6. Put mixture into cupcake liners on cookie sheet. Use two liners per muffin for support.
  7. Put in the oven for 15 minutes or until lightly golden brown. Note: The muffins do not rise.
  8. Let the muffins cool and then decorate them with icing and sprinkles.

 Click here to open a printable recipe card!

Peanut Butter Apple DIY Horse Treats

From Corro

Ingredients:

  • 2 cups flour
  • 1 teaspoon ground cinnamon
  • 1 apple
  • ¾ cup peanut butter
  • ¾ cup water
  • 1 cup powdered sugar (optional)
  • 2 tablespoons of milk (optional)
  • Sprinkles (optional)

Peanut Butter Apple DIY Horse Treats. Photo from Corro.

Directions:

  1. Preheat the oven to 325° (F).
  2. Grate the apple and squeeze out excess moisture.
  3. Mix dry ingredients.
  4. Add the apple and peanut butter.
  5. Slowly add enough of the water to form a manageable dough.
  6. If the dough becomes too sticky, then add additional flour.
  7. Form into desired shapes and bake for 20 minutes or until golden brown.
  8. You may glaze or frost with icing made by mixing 1 cup powdered sugar with 1-2 tablespoons of milk.
  9. Top with sprinkles for added decoration.

Click here to open a printable recipe card!

Test out these recipes and give your horse something special for the holidays. Not only are these treats great gifts for your horse, but you can also give them to your barn friends, trainers, managers, and grooms.

If you’re not in the mood to make your own horse treats, you can always shop for them at Corro. They have all your favorite horse treats ready to go. Use code BARNMANAGER10 for 10% off your first order!

 

Have questions about utilizing BarnManager or want to give it a try for yourself? Request a live demo here!

BarnManager is designed to be a part of your team, with the compatibility and credentials necessary to improve communication, simplify the management of horses, and get you out of the office, off the phone calls, and into the barn with the horses you care about! Click here to get a free demo and find out more!

Eight Holiday Gift Ideas for Your Equestrian Friends

Eight Holiday Gift Ideas for Your Equestrian Friends

Wondering what types of gifts your equestrian friends will enjoy the most this holiday season? Read below for our list of this year’s most wanted presents.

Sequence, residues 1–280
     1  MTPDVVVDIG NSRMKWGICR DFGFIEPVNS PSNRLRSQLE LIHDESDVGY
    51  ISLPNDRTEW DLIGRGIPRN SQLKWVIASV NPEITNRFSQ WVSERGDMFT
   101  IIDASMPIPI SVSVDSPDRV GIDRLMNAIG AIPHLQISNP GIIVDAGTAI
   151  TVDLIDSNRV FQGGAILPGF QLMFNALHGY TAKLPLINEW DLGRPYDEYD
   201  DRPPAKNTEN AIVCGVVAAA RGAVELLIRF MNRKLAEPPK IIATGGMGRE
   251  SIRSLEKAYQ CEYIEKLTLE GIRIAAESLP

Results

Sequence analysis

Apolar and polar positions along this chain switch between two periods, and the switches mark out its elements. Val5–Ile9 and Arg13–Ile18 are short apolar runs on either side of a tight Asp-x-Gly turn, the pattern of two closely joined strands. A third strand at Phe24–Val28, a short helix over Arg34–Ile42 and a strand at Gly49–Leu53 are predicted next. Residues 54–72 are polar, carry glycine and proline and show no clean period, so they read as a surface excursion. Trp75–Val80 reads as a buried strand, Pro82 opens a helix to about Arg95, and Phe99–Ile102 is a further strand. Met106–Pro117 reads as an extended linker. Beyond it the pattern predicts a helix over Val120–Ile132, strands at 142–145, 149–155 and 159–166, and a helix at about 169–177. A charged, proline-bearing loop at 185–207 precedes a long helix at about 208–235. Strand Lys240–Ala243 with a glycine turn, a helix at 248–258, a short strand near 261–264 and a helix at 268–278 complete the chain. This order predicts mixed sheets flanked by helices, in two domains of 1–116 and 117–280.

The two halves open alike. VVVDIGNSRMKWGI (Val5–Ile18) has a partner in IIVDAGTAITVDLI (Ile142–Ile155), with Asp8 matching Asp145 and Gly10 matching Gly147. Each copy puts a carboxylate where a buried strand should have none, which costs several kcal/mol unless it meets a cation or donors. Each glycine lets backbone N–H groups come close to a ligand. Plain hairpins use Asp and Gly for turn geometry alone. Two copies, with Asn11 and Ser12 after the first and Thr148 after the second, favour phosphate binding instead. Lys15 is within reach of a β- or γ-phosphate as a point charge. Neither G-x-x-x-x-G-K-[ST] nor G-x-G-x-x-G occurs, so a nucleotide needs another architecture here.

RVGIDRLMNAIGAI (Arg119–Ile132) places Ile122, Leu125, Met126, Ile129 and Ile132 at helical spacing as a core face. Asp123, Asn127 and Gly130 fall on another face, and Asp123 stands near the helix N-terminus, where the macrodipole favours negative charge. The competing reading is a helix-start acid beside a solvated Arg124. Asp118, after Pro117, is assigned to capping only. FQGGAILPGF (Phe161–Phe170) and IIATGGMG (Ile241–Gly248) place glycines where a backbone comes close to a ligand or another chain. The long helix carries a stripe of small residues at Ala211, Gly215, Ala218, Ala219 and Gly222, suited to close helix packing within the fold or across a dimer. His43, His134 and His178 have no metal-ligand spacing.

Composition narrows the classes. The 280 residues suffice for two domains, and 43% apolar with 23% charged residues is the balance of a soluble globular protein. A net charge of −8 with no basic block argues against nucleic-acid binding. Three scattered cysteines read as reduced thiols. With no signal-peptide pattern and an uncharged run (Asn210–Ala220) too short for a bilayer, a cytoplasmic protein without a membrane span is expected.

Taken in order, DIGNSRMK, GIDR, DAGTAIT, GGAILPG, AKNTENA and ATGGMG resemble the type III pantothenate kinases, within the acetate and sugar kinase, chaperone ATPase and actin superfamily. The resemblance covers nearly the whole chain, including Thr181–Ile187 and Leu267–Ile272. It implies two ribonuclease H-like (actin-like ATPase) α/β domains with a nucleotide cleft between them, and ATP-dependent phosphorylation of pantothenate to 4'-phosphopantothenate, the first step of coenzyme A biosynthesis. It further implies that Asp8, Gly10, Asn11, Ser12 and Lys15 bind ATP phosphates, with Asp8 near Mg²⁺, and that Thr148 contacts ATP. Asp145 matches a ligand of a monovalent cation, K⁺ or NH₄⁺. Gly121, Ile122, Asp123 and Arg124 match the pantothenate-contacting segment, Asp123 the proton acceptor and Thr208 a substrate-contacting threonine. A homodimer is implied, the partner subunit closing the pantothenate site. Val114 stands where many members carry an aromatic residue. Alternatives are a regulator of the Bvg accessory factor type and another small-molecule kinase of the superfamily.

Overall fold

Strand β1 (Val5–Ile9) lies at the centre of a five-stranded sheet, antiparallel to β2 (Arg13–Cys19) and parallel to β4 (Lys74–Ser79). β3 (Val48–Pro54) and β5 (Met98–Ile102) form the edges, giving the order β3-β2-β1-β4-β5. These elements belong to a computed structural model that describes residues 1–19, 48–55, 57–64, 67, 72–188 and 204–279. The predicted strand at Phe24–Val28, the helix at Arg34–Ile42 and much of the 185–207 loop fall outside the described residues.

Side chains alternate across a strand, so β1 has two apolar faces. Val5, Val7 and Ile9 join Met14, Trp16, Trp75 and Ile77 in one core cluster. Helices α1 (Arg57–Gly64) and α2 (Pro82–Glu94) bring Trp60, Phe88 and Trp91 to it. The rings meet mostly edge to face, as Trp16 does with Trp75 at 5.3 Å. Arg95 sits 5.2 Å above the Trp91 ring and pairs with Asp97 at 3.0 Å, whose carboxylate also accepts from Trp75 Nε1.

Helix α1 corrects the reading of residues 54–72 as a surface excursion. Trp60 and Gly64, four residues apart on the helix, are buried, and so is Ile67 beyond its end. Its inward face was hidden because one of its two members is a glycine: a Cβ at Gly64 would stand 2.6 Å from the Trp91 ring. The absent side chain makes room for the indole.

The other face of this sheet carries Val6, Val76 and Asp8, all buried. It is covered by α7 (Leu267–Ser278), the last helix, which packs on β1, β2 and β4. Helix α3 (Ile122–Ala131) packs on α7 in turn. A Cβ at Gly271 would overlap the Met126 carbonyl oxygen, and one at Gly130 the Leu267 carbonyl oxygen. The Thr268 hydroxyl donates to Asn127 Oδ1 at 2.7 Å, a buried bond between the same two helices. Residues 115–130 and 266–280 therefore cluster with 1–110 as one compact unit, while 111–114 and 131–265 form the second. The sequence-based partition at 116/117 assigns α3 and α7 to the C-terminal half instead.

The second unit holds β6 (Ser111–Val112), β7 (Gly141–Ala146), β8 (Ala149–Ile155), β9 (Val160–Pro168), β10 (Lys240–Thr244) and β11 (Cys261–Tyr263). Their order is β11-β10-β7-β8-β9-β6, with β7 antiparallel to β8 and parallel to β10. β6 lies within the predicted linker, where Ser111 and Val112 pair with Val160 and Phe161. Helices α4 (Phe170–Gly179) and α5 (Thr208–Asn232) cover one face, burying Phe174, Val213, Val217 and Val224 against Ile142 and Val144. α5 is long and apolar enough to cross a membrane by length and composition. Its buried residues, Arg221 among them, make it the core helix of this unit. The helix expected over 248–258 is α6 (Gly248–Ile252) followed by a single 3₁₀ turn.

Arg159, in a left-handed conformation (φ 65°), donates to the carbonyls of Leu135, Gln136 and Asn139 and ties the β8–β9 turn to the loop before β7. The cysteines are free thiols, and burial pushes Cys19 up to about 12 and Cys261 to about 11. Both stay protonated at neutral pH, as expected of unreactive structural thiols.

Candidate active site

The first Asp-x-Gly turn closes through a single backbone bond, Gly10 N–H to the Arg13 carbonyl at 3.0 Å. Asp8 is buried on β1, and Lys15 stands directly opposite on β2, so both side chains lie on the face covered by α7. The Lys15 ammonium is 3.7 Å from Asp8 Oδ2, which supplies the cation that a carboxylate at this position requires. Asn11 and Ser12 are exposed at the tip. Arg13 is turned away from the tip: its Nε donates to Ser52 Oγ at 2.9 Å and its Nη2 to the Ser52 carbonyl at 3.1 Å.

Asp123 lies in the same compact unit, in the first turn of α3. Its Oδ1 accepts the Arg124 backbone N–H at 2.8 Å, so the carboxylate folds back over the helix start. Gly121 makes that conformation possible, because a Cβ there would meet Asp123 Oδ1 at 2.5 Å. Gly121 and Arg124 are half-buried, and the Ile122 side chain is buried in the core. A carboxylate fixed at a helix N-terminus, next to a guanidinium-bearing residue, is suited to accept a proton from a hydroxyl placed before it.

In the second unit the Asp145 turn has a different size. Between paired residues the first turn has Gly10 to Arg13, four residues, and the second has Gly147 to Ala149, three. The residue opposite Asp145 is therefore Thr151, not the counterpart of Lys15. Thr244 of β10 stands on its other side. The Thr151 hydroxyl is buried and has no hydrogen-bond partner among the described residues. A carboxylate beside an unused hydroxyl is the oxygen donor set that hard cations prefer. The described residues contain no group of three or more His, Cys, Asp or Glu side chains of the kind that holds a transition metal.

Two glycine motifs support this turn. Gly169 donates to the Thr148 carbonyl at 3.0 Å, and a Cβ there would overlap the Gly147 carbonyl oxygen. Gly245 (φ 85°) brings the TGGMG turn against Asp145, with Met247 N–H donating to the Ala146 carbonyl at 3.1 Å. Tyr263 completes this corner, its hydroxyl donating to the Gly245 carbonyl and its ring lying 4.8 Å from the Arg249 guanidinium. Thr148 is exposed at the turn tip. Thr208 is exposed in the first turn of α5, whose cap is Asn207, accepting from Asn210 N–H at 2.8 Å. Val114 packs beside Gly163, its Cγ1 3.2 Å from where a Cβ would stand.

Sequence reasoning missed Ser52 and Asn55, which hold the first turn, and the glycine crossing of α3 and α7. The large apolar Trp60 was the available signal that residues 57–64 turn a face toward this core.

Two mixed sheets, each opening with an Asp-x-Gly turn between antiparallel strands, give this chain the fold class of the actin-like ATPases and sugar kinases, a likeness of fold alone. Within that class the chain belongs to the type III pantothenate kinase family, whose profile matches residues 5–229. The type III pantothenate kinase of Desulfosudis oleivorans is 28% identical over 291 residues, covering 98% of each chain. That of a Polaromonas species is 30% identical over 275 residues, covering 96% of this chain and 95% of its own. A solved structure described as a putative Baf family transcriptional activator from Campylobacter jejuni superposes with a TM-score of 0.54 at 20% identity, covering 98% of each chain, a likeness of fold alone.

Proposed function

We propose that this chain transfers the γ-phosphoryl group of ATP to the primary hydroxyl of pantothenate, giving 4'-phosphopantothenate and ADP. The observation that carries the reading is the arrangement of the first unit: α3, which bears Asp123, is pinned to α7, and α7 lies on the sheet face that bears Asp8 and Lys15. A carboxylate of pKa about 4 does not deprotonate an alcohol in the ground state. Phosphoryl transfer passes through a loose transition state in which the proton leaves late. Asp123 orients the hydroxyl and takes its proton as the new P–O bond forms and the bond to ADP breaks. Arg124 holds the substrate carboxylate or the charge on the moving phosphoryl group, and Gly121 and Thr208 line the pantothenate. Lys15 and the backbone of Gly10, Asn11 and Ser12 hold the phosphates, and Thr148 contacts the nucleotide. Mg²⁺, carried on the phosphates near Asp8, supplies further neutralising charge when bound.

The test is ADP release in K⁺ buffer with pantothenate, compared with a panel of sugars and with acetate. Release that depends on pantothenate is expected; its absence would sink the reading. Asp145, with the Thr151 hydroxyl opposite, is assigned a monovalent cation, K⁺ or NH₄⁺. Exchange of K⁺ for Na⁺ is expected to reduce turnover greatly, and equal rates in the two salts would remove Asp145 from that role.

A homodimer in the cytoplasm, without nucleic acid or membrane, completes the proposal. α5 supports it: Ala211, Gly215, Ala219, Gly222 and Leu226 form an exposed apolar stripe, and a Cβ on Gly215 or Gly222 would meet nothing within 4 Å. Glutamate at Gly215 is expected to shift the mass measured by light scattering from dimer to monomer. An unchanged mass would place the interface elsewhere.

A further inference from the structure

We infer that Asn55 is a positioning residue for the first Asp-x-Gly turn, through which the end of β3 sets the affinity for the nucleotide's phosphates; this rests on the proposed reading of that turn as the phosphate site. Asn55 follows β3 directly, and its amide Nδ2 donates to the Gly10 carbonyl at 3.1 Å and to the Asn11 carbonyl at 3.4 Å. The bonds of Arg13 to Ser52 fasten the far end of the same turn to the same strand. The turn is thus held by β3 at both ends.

1. Belts

Equestrians can never have too many belts. There are so many styles, colors, and materials to choose from when seeking the perfect fit for your friend. You can opt for classic leather for the show ring or a colorful, stretchy-material style for schooling days at home. Both traditional and online tack shops carry lots of options, and some offer personalization with their horse’s name. You could even get a matching one for yourself!

2. Horse Treats

Every horse owner enjoys receiving a bag of treats give to their favorite mount. This is an easy gift to pair with a card and maybe a chocolate treat for your friend. Go a step further and make homemade horse cookies yourself and put them in a decorative container with a bow.

3. Socks

Socks are a great stocking-stuffer gift, especially for your friends who stay north during the winter. Having frozen feet while riding is never fun, so a few good pairs of warm socks for cold days at the barn are always appreciated. You can also add a set of toe warmers for those extra cold days. For friends who do not have deal with freezing temperatures, there are boot socks that come in lots of fun colors and patterns.

4. Gloves

Multiple pairs of gloves are a necessity during the busy show season and cold winter months. They often get lost or worn out, so it’s always handy to have extra pairs around. If your friend is staying up north this winter, considering buying them a pair of winter riding gloves. Nothing is worse than not being able to feel your hands while you’re tacking up your horse or riding. You can throw in a set of hand warmers with this gift as well.

5. Personalized Gifts

There are several websites that allow you to personalize products with pictures, which is perfect for any horse-obsessed owner. Gather a couple photos of your friend with their horse and customize coffee mugs, phone cases, pillows, water bottles, and more. Choose a different picture for each item and maybe even include a photo of you and your friend.

6. Photography Session

Equestrians love photo shoots with their favorite equine partner. Although photography sessions can be expensive, photographers often offer lower-priced options. You could even go behind the camera yourself and capture those special moments for your friend if you have the equipment – these days, even iPhones can take amazing photos with proper editing.

7. Magazine Subscription

Allow your friends to stay up to date on their favorite equestrian interests and disciplines with a magazine subscription. Find out if they are interested in lifestyle or sport and treat them to a print or online subscription that they can enjoy throughout the year.

8. Gift Card

Some friends are very difficult to shop for, which is why a gift card to their favorite tack shop is a perfect present. You can give this present in a festive way by putting it in a holiday-themed card or coffee mug.

Have questions about utilizing BarnManager or want to give it a try for yourself? Request a live demo here!

BarnManager is designed to be a part of your team, with the compatibility and credentials necessary to improve communication, simplify the management of horses, and get you out of the office, off the phone calls, and into the barn with the horses you care about! Click here to get a free demo and find out more!